We Saw Your Light On
Up Late in Ballard
He Was Unable to Stand Up Straight for More than a Few Seconds
We Saw Your Light On
In the fall, Ballard is perhaps the most romantic neighborhood in Seattle. Large old trees line every street, their branches boasting the most magnificent yellows, reds, and deep browns. The houses have well-maintained yards, there are a number of small parks scattered around, and every boutique and coffee shop you pass is uniquely charming—even the hippie shoe store.
At 2:00 a.m., the beauty is magnified. Last Wednesday, when a cool saltwater breeze was making the leaves dance and fall under the streetlights, it felt like a shame to interrupt such a perfect evening by obnoxiously intruding on unsuspecting strangers' lives, but Stranger intern Jeff Kirby and I had a job to do.
Kirby and I wandered through the streets just a few blocks north of Market Street. Whenever we spotted a light on, we shined a flashlight up to the window and stood outside with the sign. One after another we went ignored or unnoticed. Then, about 20 minutes in, we came across a street-level apartment where a TV and lamp were on. Someone was clearly home and awake, watching channel 11.
Kirby stood a few feet back and aimed the Magnum flashlight up through the blinds while I took a few steps closer to the open window, waving my paper sign around and making psst! noises.
A cat meowed, but there was no human response. I pssted some more, a little louder this time, fighting off awkward giggles. The fact that it's my job to get myself invited into a stranger's apartment at 2:30 a.m. on a Wednesday night made me laugh. What a stupid, genius idea.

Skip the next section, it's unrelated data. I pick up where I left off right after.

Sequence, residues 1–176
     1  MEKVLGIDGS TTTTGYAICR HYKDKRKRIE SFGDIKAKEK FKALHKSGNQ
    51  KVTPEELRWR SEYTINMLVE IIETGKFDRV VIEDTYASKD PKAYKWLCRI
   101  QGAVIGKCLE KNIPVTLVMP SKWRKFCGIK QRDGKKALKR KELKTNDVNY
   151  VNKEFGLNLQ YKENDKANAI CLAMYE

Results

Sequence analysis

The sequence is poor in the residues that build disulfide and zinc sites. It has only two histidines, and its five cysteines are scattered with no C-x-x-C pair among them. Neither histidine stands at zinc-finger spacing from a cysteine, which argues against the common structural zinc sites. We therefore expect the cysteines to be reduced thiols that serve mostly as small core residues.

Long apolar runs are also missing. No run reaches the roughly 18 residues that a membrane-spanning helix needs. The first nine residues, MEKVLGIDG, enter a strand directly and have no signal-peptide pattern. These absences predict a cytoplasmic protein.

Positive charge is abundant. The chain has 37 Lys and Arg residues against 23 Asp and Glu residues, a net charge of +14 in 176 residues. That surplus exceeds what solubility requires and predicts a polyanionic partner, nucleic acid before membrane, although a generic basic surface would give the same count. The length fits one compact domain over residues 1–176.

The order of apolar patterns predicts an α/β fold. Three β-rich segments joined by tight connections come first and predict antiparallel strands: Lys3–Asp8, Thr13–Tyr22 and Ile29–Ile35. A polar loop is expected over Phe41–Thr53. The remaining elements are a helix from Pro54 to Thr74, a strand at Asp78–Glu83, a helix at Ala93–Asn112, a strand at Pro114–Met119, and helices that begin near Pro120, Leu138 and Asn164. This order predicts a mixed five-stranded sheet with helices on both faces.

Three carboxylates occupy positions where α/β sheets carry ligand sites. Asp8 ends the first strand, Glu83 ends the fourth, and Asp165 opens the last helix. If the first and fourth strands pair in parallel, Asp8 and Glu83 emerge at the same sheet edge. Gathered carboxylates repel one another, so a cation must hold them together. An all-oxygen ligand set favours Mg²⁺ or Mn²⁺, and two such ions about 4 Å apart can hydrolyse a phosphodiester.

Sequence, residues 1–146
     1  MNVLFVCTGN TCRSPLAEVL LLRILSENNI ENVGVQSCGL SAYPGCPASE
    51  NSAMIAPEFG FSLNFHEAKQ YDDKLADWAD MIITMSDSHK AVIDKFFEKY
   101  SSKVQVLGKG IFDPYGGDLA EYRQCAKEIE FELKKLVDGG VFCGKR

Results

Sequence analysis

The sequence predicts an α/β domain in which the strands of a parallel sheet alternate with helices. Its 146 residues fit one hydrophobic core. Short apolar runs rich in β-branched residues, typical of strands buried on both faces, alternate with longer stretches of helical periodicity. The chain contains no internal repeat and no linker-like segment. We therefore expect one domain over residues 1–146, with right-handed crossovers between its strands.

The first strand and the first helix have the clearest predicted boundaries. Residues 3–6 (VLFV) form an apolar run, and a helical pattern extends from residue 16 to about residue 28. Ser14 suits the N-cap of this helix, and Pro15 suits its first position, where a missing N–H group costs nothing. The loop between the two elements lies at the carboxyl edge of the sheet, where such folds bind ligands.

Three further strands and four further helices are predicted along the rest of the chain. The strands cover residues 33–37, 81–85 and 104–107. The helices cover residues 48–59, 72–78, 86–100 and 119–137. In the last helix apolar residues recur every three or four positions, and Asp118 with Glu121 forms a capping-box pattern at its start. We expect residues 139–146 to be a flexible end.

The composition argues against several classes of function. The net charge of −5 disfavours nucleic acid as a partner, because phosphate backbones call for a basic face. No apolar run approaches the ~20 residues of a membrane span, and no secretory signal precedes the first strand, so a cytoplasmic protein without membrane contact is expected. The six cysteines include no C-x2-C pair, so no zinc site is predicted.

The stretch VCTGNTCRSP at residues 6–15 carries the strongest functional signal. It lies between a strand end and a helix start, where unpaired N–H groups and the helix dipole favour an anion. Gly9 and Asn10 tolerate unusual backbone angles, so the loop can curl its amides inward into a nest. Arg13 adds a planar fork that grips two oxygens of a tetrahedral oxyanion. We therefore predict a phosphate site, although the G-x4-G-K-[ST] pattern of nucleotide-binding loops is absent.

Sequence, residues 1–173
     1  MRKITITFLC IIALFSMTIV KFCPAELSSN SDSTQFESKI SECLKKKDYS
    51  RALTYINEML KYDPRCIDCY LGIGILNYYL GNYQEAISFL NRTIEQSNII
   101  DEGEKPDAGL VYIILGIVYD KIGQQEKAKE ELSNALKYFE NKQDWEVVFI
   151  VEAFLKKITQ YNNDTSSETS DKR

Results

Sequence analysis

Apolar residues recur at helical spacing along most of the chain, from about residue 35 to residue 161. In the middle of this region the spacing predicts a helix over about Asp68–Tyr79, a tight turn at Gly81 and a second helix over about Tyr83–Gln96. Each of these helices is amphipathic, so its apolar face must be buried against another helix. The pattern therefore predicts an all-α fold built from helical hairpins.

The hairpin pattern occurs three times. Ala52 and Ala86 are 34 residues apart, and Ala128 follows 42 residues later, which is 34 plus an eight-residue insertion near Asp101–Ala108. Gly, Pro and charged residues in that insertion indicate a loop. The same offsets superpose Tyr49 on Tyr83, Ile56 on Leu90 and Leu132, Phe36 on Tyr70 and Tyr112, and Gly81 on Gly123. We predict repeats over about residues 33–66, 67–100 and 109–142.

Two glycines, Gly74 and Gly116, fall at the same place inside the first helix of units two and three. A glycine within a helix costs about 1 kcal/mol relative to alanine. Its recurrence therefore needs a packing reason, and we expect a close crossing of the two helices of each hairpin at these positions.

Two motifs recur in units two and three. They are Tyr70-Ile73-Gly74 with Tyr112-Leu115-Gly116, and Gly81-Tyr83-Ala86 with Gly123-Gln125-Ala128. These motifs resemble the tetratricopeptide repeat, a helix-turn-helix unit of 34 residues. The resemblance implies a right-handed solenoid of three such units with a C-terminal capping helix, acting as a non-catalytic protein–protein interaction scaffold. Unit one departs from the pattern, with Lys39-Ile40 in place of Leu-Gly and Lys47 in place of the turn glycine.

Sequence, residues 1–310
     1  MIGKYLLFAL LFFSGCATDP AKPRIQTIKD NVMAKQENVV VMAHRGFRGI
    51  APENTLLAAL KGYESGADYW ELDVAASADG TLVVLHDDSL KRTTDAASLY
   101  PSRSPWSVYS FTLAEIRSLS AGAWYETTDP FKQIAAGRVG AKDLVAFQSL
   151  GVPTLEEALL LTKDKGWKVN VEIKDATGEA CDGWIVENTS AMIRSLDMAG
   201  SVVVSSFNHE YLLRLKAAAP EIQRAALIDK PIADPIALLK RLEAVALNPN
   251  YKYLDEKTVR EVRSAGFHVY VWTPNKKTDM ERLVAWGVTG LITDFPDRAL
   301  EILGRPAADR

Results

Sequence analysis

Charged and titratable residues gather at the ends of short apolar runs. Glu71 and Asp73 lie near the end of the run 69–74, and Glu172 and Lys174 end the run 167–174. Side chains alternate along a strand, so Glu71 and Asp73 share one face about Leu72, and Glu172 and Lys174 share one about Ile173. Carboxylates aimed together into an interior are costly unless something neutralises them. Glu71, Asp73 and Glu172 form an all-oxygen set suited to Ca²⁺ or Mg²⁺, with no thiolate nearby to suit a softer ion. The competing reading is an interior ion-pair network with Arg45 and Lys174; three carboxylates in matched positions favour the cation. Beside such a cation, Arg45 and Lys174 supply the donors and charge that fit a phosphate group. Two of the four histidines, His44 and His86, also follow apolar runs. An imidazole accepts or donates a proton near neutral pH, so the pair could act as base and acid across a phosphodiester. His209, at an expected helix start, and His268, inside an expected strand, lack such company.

As the TV continued to blast commercials for some new series on the CW, I heard voices behind us. Kirby and I turned around and a couple was crossing the street, coming in our direction with confused looks.
"What are you guys doing?" a man asked.
I laughed. "We're from The Stranger. We're writing about people being up at 2:00 a.m. We're trying to see if anyone is home."
"We live there, the place where you're looking in," the woman laughed.
"Do you want to talk to us?" asked Kirby, hoping for an invite inside.
They looked at each other. They were roommates. "I just want to go to bed. I have to work tomorrow," she said, and disappeared.
"I'll talk to you," said the man. "What's up, how are you guys doin'?"
The first thing I noticed about G.I.B. (this was how he identified himself, and he wouldn't tell us what the letters stood for) was that he was drunk—slurred-speech, unable-to-stand-up-straight-for-more-than-a-few-seconds drunk. The second thing I noticed was his funny black T-shirt that had "HEAVY METAL" at the top and, below that, pictures of various kinds of metal from the periodic table—gold, silver, platinum, aluminum, etc.
"Nice shirt," I said. "Where'd you get it?"
"20twenty," he said. He laughed and mumbled something about lederhosen.
I had no idea what he was talking about for the first minute or so of his story, but I eventually caught on that his friend Matt found a pair of lederhosen at 20twenty the same day G.I.B. found the HEAVY METAL shirt. They were a bit small, says G.I.B., so Matt had to really work to get into them.
"They were butt hungry," he explained, turning around and placing both hands on his ass. "Those lederhosen really looked butt hungry."
He shook his ass a little bit, laughing.
We asked more questions. G.I.B. said that he was coming back from the bars (no shit). He said that the Bit Saloon is his favorite: "It's the badassest bar in town." He said he likes to leave the TV on for the cats so they "don't lose their shit." He said to avoid Wingmasters on 24th.
"What are you going to do now?" asked Kirby.
"I'm probably gonna make a booty call. See if I can't hook something up."
Like I said, Ballard is the most romantic neighborhood in the city.